Cash for clunkers’ scheme – reducing automotive greenhouse gasses

Cash for clunkers’ scheme – reducing automotive greenhouse gasses

Posted 18 April 2012

The Federal Government’s scheme: of providing $400 million as a $2,000 Cleaner Car Rebate for owners of pre 1995 vehicles who upgrade their cars to new greenhouse rating six or higher vehicles; has some benefits but many concerns.

Firstly, the funding of the scheme was being siphoned from renewable energy programs, and $220 million from the solar flagship program, rather than taken from the polluting sector, i.e. from existing funding for fossil fuel subsidies or revenue from the fuel excise: as outlined by the Greens. So it is at the expense of other environmental programs.

Secondly, there are about 2 million pre – 1995 vehicles on our roads; this scheme hoped to reduce that figure by 200,000. It does not target the transport sector; and it would seem more beneficial to remove a delivery vehicle that is on the road all day, than a car used to drive the kids to school and do some occasional shopping.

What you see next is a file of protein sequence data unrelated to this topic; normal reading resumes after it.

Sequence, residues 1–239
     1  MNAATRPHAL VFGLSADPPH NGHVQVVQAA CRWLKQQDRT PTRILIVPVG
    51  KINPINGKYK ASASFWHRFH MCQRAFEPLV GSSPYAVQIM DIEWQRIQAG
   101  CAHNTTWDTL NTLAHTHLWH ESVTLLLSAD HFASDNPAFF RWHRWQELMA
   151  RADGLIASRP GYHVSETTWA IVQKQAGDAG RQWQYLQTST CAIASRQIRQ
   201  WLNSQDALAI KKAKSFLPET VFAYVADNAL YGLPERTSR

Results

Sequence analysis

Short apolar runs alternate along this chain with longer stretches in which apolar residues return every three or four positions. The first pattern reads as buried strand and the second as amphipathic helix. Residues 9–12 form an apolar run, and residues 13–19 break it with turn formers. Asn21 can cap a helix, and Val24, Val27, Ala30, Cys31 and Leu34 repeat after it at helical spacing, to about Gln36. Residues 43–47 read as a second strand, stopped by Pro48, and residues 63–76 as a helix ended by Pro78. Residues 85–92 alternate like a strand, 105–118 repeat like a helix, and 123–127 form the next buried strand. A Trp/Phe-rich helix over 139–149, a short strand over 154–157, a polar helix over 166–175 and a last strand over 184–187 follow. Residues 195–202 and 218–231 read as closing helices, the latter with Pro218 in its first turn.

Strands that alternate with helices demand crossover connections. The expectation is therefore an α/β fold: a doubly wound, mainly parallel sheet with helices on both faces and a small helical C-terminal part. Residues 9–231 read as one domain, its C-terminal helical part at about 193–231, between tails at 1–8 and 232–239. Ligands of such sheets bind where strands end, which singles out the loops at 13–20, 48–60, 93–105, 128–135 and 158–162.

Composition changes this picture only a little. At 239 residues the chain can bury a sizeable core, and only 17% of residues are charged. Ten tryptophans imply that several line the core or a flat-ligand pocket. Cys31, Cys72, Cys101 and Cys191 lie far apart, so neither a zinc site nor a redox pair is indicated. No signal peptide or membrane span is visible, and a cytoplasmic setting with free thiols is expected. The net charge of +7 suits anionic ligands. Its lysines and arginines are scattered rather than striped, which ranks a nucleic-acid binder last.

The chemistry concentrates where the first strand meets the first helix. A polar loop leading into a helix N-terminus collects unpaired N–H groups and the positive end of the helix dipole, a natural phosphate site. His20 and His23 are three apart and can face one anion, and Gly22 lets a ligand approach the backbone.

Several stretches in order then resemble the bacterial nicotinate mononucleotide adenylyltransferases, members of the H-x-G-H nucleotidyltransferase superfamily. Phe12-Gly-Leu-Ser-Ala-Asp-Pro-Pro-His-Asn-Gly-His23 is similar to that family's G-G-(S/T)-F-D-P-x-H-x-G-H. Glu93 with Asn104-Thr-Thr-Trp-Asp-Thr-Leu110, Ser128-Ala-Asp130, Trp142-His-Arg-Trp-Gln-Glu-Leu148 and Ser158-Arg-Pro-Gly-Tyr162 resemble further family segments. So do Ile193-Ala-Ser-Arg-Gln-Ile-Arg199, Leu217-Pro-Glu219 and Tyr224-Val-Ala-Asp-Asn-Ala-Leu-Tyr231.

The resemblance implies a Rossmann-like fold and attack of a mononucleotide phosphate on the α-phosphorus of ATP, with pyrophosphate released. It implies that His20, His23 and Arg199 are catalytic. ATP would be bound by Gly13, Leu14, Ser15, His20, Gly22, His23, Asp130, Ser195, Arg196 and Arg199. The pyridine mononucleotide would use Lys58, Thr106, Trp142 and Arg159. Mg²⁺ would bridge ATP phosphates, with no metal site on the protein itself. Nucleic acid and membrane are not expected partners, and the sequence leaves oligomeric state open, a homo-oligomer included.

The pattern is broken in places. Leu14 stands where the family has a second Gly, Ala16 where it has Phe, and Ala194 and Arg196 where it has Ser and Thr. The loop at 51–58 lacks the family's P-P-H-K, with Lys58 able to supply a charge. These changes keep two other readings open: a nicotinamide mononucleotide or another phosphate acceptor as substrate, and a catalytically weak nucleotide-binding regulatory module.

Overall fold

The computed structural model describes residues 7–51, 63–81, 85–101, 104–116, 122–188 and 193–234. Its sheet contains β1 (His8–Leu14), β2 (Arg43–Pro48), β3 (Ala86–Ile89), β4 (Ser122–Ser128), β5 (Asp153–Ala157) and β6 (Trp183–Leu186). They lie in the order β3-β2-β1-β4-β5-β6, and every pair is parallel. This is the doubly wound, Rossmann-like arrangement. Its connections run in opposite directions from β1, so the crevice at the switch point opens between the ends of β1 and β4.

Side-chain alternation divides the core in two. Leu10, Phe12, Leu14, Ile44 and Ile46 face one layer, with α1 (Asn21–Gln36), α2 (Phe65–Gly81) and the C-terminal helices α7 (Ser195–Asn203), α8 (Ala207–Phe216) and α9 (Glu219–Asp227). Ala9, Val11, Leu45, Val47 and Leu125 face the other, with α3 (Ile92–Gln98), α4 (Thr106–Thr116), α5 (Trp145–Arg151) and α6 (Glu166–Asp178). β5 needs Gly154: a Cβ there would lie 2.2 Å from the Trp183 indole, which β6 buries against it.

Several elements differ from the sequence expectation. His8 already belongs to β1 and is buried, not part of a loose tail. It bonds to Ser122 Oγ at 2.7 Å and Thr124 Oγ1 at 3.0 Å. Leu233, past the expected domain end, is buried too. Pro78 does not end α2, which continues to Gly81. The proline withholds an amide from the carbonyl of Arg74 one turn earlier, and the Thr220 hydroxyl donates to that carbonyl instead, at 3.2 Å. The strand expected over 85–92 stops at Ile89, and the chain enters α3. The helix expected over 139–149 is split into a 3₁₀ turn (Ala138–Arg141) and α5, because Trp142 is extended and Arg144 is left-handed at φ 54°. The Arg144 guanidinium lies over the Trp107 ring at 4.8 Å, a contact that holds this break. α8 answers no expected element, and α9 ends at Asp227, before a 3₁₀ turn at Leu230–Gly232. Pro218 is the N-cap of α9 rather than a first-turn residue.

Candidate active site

Also, the requirement of purchasing a new car will limit the uptake of this scheme and the target of 200,000 vehicles may be questionable. How many people driving a 15 year old car, that hasn’t yet been upgraded, be able to afford a new veichle?

Alternatively, where there are plans to eventually introduce a carbon tax for polluters. There should also be rewards for minimising pollution.  If we are serious about reducing our greenhouse gases, then there should be in place a registration pollution levy on heavily polluting cars, such as V8s and 4WDs, and a credit scheme for electric, dedicated LPG, LNG and diesel passenger vehicles, that use less fossil fuel or create less greenhouse gases.

Ultimately, we should seek to reduce our dependence on imported and heavily refined fossils fuels.


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